I'm trying to run a small gawk script which will run certain shell commands using system(). I want to get the file list with find and run the script like that:

find <arguments> -printf "%f\n" | script.awk

The problem is that these files have special characters such as spaces, quotes and parentheses in them. For example:

$ ls
'Aujourd'\''hui C'\''est Toi (Orchestral).flac'

I tried all sorts of quotes like the following:

system("<command> \""$0"\"")

And this:

system("<command> \'"$0"\'")

I get all sorts of errors, some of these errors are from sh -c and some are from gawk...

Is there a way to pass the record $0 or any other variables from the gawk script to a shell command with out encountering all of theses problems?

Note: I know it could have been easier to just rename the files temporarily but I find it more challenging to avoid it.


None of the suggested answers solved my problem so here is a more specific description of the problem: I'm trying to run a command which uses 2 awk variables. Examples:

If I run:

system("metaflac --show-tag=ARTIST \""FILE"\"")

I don't get an error because I quote FILE and because it doesn't contain double quotes it goes OK.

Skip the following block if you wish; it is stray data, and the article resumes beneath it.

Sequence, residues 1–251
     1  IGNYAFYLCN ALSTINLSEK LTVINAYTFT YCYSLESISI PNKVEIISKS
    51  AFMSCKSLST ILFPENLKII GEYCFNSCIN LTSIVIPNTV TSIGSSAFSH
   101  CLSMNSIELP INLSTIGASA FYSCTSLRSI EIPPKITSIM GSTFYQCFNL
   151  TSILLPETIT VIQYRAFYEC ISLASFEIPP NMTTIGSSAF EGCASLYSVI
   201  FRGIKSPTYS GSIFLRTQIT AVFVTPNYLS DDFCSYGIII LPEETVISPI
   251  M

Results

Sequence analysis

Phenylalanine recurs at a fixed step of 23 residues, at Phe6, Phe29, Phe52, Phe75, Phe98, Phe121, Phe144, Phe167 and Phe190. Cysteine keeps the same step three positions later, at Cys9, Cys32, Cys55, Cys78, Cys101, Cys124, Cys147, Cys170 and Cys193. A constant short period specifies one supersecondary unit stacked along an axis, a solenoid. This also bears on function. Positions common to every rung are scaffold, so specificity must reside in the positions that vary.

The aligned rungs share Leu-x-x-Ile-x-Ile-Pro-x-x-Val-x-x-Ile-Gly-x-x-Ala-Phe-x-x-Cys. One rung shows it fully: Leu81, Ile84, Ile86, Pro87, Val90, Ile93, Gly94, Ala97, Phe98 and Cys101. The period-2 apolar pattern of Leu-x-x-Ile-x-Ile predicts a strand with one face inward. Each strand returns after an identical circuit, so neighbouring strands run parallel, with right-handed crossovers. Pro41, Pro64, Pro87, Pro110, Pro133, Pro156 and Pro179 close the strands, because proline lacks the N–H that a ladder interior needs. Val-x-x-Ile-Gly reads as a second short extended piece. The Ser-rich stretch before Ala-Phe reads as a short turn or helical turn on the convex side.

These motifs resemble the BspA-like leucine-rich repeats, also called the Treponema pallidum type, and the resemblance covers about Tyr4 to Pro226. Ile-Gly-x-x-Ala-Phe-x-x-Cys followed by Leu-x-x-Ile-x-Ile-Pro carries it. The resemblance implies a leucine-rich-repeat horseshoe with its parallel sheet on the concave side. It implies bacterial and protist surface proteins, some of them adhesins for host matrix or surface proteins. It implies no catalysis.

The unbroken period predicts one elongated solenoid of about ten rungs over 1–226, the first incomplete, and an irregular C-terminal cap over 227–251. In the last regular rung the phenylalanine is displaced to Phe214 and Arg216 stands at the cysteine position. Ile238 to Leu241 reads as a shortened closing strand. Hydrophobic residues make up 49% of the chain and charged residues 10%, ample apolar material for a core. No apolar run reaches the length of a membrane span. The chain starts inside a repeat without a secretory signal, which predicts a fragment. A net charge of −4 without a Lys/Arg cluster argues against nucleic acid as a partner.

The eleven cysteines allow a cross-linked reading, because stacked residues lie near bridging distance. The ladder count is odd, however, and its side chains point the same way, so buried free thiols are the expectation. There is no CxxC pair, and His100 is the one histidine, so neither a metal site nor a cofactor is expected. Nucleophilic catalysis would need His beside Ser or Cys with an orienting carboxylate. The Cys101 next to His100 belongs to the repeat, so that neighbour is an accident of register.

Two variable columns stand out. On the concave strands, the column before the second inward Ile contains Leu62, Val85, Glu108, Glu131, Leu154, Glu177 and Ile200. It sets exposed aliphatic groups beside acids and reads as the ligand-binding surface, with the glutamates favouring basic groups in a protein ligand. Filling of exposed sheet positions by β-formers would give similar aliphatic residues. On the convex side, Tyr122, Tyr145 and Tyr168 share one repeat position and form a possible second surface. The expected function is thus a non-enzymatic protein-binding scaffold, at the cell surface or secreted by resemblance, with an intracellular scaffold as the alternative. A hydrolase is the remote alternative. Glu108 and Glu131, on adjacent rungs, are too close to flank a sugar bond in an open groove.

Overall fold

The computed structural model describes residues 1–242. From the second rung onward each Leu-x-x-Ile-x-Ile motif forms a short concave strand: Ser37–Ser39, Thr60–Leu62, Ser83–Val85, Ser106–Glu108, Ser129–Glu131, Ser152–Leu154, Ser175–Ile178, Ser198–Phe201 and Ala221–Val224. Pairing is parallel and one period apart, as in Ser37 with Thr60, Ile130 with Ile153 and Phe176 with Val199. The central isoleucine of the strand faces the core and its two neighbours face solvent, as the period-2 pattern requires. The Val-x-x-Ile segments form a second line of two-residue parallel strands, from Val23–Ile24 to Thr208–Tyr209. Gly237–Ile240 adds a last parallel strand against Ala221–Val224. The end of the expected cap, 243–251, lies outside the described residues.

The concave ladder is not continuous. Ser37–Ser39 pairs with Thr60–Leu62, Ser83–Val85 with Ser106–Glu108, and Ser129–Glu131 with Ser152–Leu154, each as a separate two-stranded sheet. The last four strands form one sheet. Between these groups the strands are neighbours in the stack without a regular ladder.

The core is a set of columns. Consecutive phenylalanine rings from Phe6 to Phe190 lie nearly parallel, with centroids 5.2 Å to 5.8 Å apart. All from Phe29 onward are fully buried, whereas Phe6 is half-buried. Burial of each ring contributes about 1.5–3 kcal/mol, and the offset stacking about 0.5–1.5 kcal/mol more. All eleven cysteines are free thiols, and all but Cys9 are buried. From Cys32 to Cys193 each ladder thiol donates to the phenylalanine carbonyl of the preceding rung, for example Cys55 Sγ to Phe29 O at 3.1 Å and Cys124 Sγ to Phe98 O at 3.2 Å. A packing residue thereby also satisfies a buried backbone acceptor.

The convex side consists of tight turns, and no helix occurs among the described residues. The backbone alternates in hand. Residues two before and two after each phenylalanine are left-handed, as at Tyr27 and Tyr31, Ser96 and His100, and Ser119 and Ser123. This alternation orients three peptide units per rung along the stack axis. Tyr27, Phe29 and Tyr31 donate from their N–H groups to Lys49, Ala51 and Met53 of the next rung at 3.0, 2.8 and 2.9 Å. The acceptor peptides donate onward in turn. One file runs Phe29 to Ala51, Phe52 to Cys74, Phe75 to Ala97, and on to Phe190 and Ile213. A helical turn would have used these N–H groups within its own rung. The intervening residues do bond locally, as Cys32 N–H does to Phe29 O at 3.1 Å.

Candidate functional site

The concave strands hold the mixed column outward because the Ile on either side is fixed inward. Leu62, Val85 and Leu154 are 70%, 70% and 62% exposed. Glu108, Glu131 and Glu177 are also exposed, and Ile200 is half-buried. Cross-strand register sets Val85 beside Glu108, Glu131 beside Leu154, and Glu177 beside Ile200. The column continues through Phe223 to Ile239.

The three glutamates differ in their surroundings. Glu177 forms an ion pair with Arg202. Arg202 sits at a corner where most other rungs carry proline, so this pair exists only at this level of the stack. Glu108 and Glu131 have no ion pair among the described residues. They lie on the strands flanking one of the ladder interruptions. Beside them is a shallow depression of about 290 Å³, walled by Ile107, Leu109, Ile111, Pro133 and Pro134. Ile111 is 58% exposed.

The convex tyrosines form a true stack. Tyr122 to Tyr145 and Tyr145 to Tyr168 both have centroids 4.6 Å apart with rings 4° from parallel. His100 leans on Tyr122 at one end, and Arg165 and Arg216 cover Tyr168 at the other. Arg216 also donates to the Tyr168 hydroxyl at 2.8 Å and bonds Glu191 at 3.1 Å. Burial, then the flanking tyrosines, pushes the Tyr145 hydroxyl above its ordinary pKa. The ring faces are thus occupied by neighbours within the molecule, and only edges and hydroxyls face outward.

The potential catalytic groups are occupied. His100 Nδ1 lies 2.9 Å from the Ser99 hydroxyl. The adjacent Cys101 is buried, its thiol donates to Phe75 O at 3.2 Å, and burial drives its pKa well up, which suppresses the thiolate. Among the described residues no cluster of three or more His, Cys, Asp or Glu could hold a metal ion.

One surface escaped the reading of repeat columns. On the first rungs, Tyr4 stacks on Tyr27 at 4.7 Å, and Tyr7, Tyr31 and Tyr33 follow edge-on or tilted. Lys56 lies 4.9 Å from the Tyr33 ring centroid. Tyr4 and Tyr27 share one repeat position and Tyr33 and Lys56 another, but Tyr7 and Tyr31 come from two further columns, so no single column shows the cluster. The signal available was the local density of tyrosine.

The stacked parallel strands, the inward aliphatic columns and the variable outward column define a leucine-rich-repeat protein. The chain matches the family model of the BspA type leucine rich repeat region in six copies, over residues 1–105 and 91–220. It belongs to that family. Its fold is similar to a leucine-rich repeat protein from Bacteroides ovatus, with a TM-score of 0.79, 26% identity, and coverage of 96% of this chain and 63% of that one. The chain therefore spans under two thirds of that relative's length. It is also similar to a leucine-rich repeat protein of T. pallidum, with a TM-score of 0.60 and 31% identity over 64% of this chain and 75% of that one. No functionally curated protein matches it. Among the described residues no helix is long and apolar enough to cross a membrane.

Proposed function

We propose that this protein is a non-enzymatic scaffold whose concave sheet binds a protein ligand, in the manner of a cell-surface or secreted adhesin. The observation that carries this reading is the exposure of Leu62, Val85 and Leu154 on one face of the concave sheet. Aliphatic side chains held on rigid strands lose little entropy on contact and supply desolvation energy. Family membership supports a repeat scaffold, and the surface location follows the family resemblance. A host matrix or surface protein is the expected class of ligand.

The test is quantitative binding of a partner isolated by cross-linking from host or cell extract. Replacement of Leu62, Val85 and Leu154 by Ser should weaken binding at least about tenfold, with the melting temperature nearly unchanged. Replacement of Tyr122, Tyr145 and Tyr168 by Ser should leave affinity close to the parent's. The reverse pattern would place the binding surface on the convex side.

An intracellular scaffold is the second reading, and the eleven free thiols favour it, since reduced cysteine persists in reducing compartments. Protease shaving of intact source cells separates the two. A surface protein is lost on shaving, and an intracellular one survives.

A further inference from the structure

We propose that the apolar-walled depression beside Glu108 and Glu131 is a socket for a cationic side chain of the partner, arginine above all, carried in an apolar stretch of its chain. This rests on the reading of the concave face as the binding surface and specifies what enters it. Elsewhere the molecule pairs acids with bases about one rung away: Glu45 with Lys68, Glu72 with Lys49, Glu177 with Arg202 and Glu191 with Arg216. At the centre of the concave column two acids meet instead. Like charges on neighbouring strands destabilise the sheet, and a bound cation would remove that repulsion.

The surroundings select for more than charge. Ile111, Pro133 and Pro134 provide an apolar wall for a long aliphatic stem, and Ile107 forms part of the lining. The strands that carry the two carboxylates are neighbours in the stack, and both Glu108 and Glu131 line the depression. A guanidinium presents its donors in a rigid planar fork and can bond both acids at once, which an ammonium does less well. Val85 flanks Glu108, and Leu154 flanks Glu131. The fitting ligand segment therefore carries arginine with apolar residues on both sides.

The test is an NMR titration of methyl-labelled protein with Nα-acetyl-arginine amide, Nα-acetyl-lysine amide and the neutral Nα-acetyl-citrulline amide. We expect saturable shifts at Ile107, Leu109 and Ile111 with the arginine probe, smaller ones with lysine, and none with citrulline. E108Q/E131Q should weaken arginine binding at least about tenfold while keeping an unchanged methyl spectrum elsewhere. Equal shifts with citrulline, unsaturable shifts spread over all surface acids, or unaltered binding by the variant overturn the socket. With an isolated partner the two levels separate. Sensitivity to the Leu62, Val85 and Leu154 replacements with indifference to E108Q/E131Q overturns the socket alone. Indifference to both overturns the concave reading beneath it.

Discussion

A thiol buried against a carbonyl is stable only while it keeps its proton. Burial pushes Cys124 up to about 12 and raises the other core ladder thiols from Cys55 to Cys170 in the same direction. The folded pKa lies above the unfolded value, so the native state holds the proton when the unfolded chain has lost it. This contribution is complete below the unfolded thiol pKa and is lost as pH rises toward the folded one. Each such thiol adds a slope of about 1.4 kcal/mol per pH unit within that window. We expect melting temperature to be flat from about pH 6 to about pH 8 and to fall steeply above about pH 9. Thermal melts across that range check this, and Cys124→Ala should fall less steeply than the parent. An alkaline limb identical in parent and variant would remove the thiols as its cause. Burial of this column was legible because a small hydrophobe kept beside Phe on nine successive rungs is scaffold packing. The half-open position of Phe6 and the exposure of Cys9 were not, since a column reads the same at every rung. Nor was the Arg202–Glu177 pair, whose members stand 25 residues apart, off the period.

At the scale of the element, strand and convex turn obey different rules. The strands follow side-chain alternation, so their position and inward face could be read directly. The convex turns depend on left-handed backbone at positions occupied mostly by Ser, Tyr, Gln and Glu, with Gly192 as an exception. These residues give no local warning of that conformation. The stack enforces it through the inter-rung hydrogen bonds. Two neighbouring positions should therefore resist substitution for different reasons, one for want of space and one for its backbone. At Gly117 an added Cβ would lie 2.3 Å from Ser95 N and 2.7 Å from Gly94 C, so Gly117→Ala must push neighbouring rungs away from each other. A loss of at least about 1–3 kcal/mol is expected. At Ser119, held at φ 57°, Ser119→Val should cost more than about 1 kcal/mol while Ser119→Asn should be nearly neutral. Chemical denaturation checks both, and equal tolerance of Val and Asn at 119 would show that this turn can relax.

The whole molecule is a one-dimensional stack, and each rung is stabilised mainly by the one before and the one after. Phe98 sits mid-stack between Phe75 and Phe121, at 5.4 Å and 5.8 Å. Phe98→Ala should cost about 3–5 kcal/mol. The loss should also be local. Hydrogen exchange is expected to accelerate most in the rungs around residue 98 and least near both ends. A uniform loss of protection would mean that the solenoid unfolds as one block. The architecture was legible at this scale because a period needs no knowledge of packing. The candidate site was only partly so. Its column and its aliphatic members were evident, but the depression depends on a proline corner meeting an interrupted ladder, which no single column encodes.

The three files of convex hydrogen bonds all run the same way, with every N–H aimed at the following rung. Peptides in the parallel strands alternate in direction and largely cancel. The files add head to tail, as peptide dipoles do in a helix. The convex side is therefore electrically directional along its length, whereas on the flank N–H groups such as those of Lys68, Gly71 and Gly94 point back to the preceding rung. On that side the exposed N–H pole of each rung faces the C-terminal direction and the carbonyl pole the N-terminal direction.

But if I run:

system("metaflac --set-tag=ARTIST="AWK_VAR_WITH_ARTIST_VALUE" "\"FILE\")

Even when I quote it, I get an error by metaflac that the flac file was not found. When reading the error message, I see the file name was split into separate words.


You could replace system("<command> \"$0\"") by awk's ability to write to a process, i.e. print $0 | "pre;<command> \"$v\"", where the pre part would read stdin into shell variable v. In bash this would be read -r v. You end up with this for example:

awk 'BEGIN{ cmd="read -r v; ls -ld \"$v\"" }
     { print $0 | cmd; close(cmd); }'

If you want to handle horrible things like newlines in the filenames, you can go the print0 route in your find and, if your awk accepts RS='\0', you have for bash:

find . -print0 |
awk -v RS='\0' '
 BEGIN{ cmd="read -r -d \"\" v; ls -ld \"$v\"" }
 { print $0 "\x00" | cmd; close(cmd); }'
| improve this answer | |

For the specific case of spaces and single quotes, it should be sufficient to wrap the string in double quotes:

$ find -name 'Aujour*' -printf "%f\n" | awk '{system("ls -l \""$0"\"")}'
-rw-rw-r-- 1 user user 0 May 26 11:27 Aujourd'hui C'est Toi (Orchestral).flac

Alternatively, if your shell provides a shell-quote format specifier you could consider using that in place of find's internal -printf:

$ find -name 'Aujour*' -exec printf '%q\n' {} \; | awk '{system("ls -l "$0)}'
-rw-rw-r-- 1 user user 0 May 26 11:27 ./Aujourd'hui C'est Toi (Orchestral).flac

From help printf in bash for example:

%q  quote the argument in a way that can be reused as shell input
| improve this answer | |
  • Wrapping the string in quotes doesn't work if the string contains one of these quote characters (or a bunch of other characters, for double quotes). Passing a pre-shell-quoted name to awk doesn't work if awk also needs to use the file name. – Gilles 'SO- stop being evil' May 26 '17 at 22:14

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